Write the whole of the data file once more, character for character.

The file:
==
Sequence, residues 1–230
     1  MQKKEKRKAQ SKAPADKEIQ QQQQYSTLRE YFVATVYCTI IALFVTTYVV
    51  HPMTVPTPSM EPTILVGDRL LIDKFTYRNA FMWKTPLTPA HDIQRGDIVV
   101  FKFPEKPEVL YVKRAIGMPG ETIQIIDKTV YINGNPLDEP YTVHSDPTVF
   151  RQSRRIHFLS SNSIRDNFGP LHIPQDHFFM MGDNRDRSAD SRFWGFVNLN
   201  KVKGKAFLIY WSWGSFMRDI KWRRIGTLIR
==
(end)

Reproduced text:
Sequence, residues 1–230
     1  MQKKEKRKAQ SKAPADKEIQ QQQQYSTLRE YFVATVYCTI IALFVTTYVV
    51  HPMTVPTPSM EPTILVGDRL LIDKFTYRNA FMWKTPLTPA HDIQRGDIVV
   101  FKFPEKPEVL YVKRAIGMPG ETIQIIDKTV YINGNPLDEP YTVHSDPTVF
   151  RQSRRIHFLS SNSIRDNFGP LHIPQDHFFM MGDNRDRSAD SRFWGFVNLN
   201  KVKGKAFLIY WSWGSFMRDI KWRRIGTLIR